While SDHI/azole mixtures have proven effective in controlling Septoria in cereals, monitoring data shows there has been another slide in sensitivity to SDHIs and azole chemistry. At present, we’re also experiencing disease control challenges in controlling Cercospera in sugar beet and Ramularia in barley, to name a few vicious examples. We’re not saying that adjuvants are the holy grail, but there’s no denying resistance poses a significant threat to the ongoing performance of fungicides. By optimising the application process, we can not only increase efficacy and yield, but importantly also reduce negative genetic effects and slow resistance.
During fungicide application the aim is to get as much of the active ingredient inside leaves as is possible. The surface area to hit is large and we need to protect it all. While multi-sites act as a protectant, they don’t move on the leaf. This means they can only protect the portion of the leaf they actually cover. If the base of the leaf doesn’t receive adequate coverage, the fungicide will be prevented from moving downwards, leaving that part of the leaf either completely unprotected or having received a sub-lethal dose of the active ingredient.
Although they work slightly differently, both the Arma and Kantor products will improve spreading and uptake to protect the whole crop. Prothioconazole-based mixtures will benefit in particular as it is a large molecule which needs to be converted to desthiocolnazole inside the leaf for it to be “activated” – so the quicker it gets inside, the faster it starts working. Extensive trials over the past seven years have also shown that where Kantor is added to prothioconazolebased sprays with chlorothalonil, antagnosism is reduced and yield is improved.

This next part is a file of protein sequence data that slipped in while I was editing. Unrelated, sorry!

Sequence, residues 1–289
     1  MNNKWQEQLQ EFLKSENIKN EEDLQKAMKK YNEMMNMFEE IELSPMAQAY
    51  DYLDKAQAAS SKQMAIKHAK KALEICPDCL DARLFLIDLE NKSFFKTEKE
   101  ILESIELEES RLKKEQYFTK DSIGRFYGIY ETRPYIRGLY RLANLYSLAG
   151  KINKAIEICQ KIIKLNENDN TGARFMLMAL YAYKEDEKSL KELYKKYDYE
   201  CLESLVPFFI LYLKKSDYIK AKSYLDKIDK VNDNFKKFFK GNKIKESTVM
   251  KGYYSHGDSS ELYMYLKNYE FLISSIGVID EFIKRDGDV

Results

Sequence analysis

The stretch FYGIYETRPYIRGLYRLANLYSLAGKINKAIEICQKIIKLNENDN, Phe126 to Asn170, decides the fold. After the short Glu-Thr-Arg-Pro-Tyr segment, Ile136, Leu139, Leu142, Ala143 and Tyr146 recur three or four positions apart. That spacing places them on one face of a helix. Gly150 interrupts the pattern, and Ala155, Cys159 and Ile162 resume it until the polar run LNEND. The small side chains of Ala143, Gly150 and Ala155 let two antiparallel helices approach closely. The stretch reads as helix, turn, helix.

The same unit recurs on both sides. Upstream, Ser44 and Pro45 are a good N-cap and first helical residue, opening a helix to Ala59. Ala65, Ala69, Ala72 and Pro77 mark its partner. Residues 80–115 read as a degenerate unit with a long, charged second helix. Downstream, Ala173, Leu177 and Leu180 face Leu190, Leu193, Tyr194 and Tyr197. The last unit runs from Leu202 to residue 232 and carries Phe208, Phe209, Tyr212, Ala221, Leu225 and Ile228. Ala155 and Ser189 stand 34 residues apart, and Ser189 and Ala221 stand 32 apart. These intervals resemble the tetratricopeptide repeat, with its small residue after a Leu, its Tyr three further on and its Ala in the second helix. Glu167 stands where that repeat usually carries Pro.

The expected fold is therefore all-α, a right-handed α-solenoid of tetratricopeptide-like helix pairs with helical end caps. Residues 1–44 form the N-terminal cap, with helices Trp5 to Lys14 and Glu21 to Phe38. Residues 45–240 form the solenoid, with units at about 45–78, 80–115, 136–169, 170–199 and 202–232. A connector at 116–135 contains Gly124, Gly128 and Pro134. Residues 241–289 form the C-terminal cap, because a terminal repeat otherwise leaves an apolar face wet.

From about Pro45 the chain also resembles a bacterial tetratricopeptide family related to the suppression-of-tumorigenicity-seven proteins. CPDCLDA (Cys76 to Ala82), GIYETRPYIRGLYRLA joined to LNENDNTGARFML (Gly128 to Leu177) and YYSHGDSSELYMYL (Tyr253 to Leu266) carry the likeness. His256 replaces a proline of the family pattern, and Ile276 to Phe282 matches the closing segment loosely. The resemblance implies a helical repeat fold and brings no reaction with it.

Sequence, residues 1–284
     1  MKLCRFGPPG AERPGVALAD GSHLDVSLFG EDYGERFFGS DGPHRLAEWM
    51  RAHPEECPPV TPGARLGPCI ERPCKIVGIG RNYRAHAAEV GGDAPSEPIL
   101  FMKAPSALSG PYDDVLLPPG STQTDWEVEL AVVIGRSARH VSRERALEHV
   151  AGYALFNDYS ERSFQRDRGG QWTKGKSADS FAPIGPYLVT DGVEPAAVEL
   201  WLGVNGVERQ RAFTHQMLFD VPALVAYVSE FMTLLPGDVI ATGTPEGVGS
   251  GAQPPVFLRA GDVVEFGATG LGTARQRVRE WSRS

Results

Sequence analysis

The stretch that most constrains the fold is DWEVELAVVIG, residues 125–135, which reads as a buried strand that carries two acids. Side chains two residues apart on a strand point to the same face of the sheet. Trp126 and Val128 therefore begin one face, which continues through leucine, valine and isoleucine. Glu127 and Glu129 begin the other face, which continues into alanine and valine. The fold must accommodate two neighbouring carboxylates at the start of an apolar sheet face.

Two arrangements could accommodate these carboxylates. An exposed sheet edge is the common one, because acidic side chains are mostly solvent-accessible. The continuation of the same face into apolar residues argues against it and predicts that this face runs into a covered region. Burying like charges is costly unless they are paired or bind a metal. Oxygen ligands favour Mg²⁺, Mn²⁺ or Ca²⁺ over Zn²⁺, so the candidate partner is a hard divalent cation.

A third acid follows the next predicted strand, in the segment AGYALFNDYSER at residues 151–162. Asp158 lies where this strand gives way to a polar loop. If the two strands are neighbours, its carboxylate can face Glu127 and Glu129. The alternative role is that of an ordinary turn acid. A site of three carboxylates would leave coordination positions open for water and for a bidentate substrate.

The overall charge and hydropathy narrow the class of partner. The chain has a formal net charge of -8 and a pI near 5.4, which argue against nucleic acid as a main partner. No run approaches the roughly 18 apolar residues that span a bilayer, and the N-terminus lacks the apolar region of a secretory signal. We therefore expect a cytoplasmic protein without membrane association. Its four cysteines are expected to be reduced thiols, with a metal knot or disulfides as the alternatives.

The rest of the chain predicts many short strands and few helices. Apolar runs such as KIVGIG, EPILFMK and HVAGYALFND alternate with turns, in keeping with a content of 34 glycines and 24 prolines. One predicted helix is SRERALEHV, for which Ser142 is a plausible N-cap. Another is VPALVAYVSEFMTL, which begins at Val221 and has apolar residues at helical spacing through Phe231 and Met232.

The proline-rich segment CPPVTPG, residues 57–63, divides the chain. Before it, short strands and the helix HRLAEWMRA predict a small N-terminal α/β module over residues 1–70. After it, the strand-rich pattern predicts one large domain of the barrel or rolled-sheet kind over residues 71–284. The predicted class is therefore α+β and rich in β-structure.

Over 6 years of trials, 44 comparisons, average yield benefit in winter wheat across all timings: +0.28 t/ha
+14% improvement in Cercospera control in sugar beet with epoxiconazole + thiphanate-methyl
Up to 18% improvement in Downey mildew control in onions with Invader
Our top tips
So how to get the best out of your herbicides and fungicides this spring?
• Choose your crop protection carefully and make sure it is applied in the right place, at the right time.
• Incorporate a suitable adjuvant to ensure your herbicides and fungicides are working as hard as possible.
• Aim for the highest levels of control when applying pre-emergence residual herbicides to give crops the best possible start in life.
• A good offence is the best defence. Use pre-emergence herbicides in problem fields in the spring to keep on top of weeds and safeguard against issues in the next crop.
• Rid lighter soils of spring germinators like knotgrass, black bindweed and redshank as early as possible. In crops like sugar beet and potatoes, doing so is crucial to protect yield.
• Employ crop rotation where necessary to crowd out weeds via competition.
• Pre/peri-emergence, choose a low-drift nozzle and aim for max coverage. Adding a residual herbicide adjuvant like Backrow can help optimise soil coverage and retain herbicide and moisture in the top 5cm of soil for up to 8 weeks.
• Post-emergence, aim to get as much of the active ingredient in the weed leaf as possible. Adjuvants Arma and Kantor improve coverage and uptake to control as many weeds as possible.
• To boost the performance of fungicides, apply an adjuvant like Arma or Kantor to boost spray coverage and uptake to protect the whole crop.
Adjuvants like Backrow, Arma and Kantor are a valuable tool, pushing performance of herbicides and fungicides and helping you get the most from your crop in health and yield. To discuss individual scenarios or to request product guides, please feel free to get in contact with us at email@example.com.